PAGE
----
Wednesday, January 02, 2008


The Lake Superior State University's annual List of Words Banished from the Queen's English for Mis-Use came out yesterday...or probably the day before. But they were printed in the papers yesterday.

They are really not just words, many are phrases (which are of course, words that are strung together) and they are as follows:

• perfect storm • Webinar • waterboarding • organic • wordsmith/wordsmithing
• author/authored • post 9/11 • surge • give back • 'blank' is the new 'blank' • Black Friday • back in the day • sweet • decimate • emotional • pop • It is what it is • under the bus

I am happy to say I have never (ok ok...rarely) used these in my regular conversations. I mean, who uses 'sweet', when not meaning 'too much sugar' - unless you're a 16-22 year old boy?

I absolutely loathe people who use the phrase 'it is what it is'. A former peer of mine would say it dozens of times per day. Literally. It drove me up the frickin' wall. Another co-worker never noticed it until I pointed it out. She still curses me as now that is all she ever hears.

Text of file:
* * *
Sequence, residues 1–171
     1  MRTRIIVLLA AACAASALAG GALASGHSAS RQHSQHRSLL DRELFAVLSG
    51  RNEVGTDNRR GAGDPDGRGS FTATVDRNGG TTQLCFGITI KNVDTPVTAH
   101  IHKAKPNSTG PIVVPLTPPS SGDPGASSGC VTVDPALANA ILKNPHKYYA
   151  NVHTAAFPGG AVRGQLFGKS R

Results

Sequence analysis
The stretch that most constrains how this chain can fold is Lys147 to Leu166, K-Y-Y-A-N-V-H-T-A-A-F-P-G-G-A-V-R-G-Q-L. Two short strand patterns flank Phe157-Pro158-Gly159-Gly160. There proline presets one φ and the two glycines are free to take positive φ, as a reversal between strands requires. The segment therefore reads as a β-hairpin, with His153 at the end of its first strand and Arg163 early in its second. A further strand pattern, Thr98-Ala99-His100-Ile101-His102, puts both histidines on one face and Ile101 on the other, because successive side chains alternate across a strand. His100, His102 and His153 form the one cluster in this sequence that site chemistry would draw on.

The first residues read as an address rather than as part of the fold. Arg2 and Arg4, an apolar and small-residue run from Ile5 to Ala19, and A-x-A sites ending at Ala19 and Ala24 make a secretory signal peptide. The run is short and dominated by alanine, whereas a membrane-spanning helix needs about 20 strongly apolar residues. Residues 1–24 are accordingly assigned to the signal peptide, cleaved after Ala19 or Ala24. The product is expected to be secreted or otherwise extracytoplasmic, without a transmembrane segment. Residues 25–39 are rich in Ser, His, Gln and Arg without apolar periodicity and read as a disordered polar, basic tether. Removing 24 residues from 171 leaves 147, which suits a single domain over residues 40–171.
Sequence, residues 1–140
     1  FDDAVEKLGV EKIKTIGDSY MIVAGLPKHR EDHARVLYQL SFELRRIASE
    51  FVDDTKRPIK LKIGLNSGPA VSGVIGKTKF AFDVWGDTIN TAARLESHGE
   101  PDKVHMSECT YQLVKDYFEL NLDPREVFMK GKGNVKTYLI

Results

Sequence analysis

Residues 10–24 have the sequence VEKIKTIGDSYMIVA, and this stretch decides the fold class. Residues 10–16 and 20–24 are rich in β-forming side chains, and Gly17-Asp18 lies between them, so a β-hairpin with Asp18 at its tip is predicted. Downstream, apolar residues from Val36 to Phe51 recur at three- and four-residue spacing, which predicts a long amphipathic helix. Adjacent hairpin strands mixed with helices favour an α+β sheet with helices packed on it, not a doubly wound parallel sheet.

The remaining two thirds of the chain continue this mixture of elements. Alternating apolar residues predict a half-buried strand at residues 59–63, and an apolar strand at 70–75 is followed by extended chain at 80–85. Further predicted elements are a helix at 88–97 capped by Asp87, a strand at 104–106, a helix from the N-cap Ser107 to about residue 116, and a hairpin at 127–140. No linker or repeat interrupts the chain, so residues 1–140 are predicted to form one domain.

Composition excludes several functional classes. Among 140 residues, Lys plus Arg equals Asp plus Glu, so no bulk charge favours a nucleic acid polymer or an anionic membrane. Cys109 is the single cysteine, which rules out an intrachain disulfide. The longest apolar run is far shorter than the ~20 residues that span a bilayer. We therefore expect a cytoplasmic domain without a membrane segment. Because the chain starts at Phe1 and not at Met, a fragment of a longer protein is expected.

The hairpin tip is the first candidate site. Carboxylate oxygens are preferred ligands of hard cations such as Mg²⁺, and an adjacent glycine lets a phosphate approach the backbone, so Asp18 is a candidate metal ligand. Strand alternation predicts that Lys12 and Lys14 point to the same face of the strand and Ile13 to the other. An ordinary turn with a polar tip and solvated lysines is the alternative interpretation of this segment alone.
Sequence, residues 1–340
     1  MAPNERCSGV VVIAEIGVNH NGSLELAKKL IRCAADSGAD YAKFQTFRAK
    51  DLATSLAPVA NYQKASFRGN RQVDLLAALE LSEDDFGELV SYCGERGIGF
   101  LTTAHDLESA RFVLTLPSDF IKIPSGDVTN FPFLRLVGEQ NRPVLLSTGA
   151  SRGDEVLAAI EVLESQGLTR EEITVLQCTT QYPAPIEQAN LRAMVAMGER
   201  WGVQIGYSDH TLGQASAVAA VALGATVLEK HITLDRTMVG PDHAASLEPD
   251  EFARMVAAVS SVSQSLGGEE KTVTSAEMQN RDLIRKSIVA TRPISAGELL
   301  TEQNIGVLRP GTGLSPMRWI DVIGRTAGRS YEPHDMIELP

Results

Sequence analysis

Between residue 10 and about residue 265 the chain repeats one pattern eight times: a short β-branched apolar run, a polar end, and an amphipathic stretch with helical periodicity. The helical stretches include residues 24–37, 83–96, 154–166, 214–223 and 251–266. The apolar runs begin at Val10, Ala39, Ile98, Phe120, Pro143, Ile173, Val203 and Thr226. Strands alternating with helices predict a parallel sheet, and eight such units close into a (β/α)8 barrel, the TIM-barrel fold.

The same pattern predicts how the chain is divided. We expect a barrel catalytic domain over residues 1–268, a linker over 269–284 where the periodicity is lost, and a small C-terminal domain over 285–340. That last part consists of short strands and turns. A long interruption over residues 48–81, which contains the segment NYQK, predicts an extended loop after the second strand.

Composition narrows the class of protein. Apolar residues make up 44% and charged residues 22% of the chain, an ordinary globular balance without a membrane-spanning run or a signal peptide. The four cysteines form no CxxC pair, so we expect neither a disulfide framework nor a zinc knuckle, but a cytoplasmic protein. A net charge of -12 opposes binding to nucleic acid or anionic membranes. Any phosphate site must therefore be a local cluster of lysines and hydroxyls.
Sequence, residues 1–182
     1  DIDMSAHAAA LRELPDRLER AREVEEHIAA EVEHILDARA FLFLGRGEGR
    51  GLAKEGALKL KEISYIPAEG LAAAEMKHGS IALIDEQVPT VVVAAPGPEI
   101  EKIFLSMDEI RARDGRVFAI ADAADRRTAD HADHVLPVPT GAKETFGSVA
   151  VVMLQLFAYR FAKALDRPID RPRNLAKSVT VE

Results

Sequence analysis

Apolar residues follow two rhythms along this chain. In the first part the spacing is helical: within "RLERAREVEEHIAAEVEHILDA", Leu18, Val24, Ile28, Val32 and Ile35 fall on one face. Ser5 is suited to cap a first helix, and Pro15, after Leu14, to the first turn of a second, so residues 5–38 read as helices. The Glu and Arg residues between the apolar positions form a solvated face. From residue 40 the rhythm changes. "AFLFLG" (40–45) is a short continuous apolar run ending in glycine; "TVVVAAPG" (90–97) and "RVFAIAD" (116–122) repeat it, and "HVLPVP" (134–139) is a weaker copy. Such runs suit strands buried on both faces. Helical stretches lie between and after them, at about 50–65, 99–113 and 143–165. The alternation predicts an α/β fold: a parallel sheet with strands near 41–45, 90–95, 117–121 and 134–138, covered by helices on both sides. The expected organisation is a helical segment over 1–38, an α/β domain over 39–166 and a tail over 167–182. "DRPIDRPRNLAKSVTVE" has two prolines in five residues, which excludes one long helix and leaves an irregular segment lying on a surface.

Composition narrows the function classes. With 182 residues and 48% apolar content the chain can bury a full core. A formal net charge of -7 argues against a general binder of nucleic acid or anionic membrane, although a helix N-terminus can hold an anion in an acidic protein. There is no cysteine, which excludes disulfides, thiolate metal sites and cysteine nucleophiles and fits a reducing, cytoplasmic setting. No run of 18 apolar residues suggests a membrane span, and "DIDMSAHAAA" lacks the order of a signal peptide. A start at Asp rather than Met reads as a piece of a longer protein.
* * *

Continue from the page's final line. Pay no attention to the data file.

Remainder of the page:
As Jon pointed out earlier this year, 'webinar' is a newer word and would probably be his top pick to be banished.

The others I don't care that much about nor do I find so annoying. There are others I can think of:

• synergy • ramp up • reach out• kudos

Yes - those are so much more worse than nails on a chalkboard to me and worse than the ones that are on this year's list.

What words/phrases would you choose?

Song by: the Bee Gees


Kris said...

The one I hate the most: "At the end of the day..."

rebecca said...

I don't mind "it is what it is." Possibly you're referring to me as the former co-worker, being sly. As a parent you don't get by a day without saying that at some point!

I could do without the phrase "I want." I'm pretty fucking sick of that phrase.

Anonymous said...

"Value added" and "values voters" stick in my craw.

Also "stick in my craw".

Anonymous said...

You are so right about those frickin "Webinars"! I now hate "Moving forward" As in," Yes, we really screwed this up, but moving forward, we'll try and not screw things up." People tend to use it judgmentally too. As if you're being petty for pointing out their royal screw ups.

Blobby said...

I know it is hard to believe Becca, but it is NOT all about you.

RJ March said...

"no worries"